Reading Log: Ysabel by Guy Gavriel Kay
Ysabel is the book that The Historian wanted to be. The story is more or less concurrently past and present; in this case it's the story of the Celts and the Romans in Provence. I really enjoyed the book, and since the narrative was written as a story, rather than a series of letters, I didn't have the same mixed feelings about the amount of detail that I did with The Historian.
Ned Marriner's father is a world renowned photogrpaher. They are in France for 3 weeks for a series of photoshoots for Edward's new book. While exploring a cathedral, Ned meets an exchange student from New York, Kate, and the two of them stumble upon a strange man with knives and a scar across his bald head. As Ned follows the strange man's escape path, he begins to sense different things, including the knowledge that the man was the sculptor of a 2 thousand year old skull he finds in the cloister.
After that, Ned and Kate get sucked into a series of events surrounding the Beltaine ritual that has brought the bald, scarred man (the Roman) and a giant Celt together for the past 2,000 years to fight for Ysabel's favor. To complete the summoning, they require not only the Beltaine ceremony, but also a woman, who Ysabel will change into. Kate was supposed to be that woman, but Edward Marriner's aid, Melanie, is accidentally transformed instead. Rather than allowing the Roman and the Celt to fight as they have every other time, Ysabel challenges them to find her; they can neither use magic nor fight each other. Ned knows that he has to find her first in order to get Melanie back.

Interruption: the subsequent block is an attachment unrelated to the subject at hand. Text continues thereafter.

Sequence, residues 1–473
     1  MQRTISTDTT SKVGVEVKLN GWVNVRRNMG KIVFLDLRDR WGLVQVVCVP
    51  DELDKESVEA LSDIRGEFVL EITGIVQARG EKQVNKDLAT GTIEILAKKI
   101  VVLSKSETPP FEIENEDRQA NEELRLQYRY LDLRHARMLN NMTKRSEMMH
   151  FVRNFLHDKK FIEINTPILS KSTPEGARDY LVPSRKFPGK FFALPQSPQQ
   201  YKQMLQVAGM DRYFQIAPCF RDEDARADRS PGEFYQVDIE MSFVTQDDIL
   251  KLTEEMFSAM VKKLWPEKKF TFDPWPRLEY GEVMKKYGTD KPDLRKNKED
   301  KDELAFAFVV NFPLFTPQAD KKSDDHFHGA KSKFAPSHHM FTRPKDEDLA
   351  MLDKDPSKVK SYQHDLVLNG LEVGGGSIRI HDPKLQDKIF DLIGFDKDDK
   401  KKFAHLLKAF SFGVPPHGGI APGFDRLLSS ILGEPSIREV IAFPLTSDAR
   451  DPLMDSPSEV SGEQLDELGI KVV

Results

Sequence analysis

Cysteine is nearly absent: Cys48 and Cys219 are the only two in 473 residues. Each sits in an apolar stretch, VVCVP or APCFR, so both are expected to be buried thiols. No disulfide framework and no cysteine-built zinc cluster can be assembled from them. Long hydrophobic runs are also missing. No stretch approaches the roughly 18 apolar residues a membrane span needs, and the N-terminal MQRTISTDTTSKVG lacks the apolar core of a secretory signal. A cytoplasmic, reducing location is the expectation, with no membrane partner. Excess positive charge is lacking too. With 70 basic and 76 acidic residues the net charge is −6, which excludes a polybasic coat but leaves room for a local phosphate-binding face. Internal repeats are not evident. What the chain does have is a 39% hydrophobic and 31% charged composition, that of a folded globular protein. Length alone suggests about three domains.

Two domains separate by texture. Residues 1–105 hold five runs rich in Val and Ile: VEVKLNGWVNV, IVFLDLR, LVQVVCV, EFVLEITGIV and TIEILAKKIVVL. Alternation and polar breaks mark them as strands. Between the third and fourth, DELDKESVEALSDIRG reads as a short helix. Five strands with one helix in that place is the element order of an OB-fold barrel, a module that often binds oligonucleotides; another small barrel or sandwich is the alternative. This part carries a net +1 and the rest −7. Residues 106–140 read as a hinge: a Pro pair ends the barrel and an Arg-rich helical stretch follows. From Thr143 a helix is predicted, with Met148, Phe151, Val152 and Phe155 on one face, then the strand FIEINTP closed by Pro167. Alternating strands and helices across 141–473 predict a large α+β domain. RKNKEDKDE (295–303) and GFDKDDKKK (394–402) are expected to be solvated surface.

The whole story involves not only the 3 ancient ones, but also Ned's own family, as his mother is working with Doctors without Borders in war-torn Darfur, and his Aunt Kim, whom he has never met, suddently phones him while he's in France. Turns out there is more to Ned and his family than meets the eye, and he must learn about that while trying to rescue Melanie.
I enjoyed the whole book. It made me think hard enough to not be a completely simple read, but not too hard so as to kill the pleasure. And it turns out that the research is more or less accurate, too, or at least as accurate as a simple Google search provides. I didn't ever realize tha the Celts were in France, so I even learned something new.